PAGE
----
Mini-Review: Kaki Warner’s ROUGH CREEK

Rough_CreekIf you are looking to read great historical Western romance, you’re in for a treat with Kaki Warner’s Blood Rose Trilogy. Because I’d loved it and despaired of seeing more from Warner, I was delighted to see she was back with contemporary Western romance. I’m not keen on cowboys and I hate horsey stories, but, hey, Warner! And I happily plunged into Rough Creek. The blurb made me nervous there would be too many horsey details and I was right, but the protagonists are always what’s best in Warner. The blurb was encouraging:

 
I do love me some simmering “heart-pounding tension”. Sadly, it’s not what I got: instead, a story about two careful, caring people who hadn’t exercised their heart muscles, or any others for that matter, in ages, a drawn-out dance of closeness, then distance, and a halting pace to the HEA.

This was not my initial impression: Dalton’s emergence from prison, return to his Texan home town (the eponymous Rough Creek) only to find the family ranch sold and no place for him at the inn, compelling. I felt like I was back in Warner country and loving it. When Dalton and Raney meet: her snappy suspicions and his laconic responses showed, once more, what a master of banter Warner is. In the end, the banter was the only thing that stopped me from DNF-ing. Dalton’s sense of dislocation and desire to belong gave way to an adoring, quipping confidence; but Raney’s insistence on mistrust as the basis of their relationship grated. Dalton was, to start, such an interesting character, with his disavowal of guns after being in Afghanistan, a refreshing stance on the romance hero’s part. Moreover, there is a mystery surrounding his arrest and incarceration I was curious to see resolved (which was well done when it finally came).

All of the interesting stuff was left by the wayside and the romance became a study from slow-burn to slow-bore. I think one of the keys to a great romance novel is pacing and Warner faltered here: weeks and months go by and Dalton and Raney don’t interact, without rhyme, or reason. Dalton goes from sad and tormented to charming and irresistible; Raney dithers for hundreds of pages, which is fine, if there were reasons for it. Warner sets up some kind of mistrust issues on Raney’s part, because of a dishonest ex, but Dalton is so lovely, it never convinces. Moreover, there isn’t sufficient conflict, neither inner, nor outer, to make for a can’t-put-it-down romance. When Raney and Dalton do interact, they’re fun; they’re also compatible. And it’s obvious, without much by way of conflict, or drama, they’re perfect for each other. I wished there was more to the romance than that. I’m glad Warner’s back and I might give the next romance a try, but the monochromatic Rough Creek doesn’t do what Warner can and has done, justice. With Miss Austen, we agree Rough Creek offers “tolerable comfort,” Mansfield Park.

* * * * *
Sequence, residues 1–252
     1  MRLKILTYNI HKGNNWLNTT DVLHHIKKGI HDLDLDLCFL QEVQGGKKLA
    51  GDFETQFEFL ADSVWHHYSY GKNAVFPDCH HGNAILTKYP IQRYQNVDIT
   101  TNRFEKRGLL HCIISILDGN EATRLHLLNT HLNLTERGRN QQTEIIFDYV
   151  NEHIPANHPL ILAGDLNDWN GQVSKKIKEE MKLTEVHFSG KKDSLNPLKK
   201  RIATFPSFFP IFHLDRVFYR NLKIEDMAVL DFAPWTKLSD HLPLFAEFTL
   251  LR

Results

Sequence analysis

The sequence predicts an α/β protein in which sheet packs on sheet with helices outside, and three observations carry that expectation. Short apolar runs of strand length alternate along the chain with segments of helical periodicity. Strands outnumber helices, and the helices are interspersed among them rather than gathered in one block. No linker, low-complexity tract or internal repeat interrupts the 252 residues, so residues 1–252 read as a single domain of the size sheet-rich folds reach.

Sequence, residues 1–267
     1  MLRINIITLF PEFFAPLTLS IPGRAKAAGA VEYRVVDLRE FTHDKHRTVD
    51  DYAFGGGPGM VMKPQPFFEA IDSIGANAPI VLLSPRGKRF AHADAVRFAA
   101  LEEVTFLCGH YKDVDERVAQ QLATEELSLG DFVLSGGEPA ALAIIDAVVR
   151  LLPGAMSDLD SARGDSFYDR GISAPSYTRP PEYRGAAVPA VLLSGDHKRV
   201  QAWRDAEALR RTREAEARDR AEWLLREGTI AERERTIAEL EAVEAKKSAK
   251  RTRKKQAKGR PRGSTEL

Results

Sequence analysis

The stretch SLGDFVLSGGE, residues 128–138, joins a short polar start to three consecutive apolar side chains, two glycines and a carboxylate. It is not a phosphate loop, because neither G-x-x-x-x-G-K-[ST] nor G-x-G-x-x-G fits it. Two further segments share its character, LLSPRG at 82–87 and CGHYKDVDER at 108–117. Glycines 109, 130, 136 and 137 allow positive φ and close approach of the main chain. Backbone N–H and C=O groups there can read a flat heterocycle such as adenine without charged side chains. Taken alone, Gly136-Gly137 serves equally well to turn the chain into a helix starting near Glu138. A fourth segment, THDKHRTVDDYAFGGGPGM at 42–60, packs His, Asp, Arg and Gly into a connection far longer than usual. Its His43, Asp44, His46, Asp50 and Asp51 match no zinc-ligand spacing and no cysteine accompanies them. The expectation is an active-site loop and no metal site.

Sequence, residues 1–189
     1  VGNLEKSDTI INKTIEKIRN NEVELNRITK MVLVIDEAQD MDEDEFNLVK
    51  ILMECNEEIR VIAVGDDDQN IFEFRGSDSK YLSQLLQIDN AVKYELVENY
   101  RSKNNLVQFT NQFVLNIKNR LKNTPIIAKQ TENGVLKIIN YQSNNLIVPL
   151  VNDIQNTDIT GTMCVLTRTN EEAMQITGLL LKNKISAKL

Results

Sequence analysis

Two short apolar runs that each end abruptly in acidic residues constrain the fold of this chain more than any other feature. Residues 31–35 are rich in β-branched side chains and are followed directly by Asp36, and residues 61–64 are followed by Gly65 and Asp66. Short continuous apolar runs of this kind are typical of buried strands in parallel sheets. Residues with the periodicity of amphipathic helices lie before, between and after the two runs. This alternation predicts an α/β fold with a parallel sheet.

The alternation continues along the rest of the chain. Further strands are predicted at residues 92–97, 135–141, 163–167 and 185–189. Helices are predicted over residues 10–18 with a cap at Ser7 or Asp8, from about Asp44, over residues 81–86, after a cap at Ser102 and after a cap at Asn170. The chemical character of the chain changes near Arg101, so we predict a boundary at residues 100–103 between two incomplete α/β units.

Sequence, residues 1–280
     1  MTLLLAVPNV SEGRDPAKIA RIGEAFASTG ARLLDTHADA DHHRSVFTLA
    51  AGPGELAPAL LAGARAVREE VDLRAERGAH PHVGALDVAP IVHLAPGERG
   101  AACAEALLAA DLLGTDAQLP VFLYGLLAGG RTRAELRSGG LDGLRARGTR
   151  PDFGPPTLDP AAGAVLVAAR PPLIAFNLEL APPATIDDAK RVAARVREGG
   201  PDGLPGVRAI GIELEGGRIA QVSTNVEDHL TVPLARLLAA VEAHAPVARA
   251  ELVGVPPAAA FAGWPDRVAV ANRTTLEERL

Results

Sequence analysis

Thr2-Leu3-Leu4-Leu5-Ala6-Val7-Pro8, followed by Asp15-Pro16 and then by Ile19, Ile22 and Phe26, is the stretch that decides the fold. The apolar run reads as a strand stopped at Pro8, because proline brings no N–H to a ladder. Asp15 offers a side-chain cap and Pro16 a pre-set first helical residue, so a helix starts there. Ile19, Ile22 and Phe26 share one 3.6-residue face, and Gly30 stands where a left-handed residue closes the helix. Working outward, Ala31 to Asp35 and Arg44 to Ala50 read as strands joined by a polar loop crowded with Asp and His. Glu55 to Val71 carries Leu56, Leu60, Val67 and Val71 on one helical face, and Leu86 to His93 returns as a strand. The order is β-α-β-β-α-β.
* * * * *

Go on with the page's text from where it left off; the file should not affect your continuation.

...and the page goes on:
Kaki Warner’s Rough Creek is published by Jove. It was released in July 2020 and may be found at your preferred vendors. I received an e-galley from Jove, via Netgalley.

2 thoughts on “Mini-Review: Kaki Warner’s ROUGH CREEK

  1. I was wondering what happened to this author! Thanks for the review, even if the book didn’t live up to your expectations. I loved Warner’s first two trilogies (Blood Rose and Runaway Brides)–gobbled them up! I’m pretty sure I skimmed (at the least) her third trilogy (Heartbreak Creek). Then she seemed to vanish!
    I’m not really interested in modern-day westerns, but her historicals were excellent and I would gladly read another, should she ever write one.

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    • I loved them too, esp. Blood Rose, and I would happily read another Warner, I’m totally with you on this. Rough Creek, yeah, disappointing. I don’t think she quite has a handle of “contemporary” conflict: it was utterly ho-hum, sadly, and, in a year, I won’t remember a word of it.

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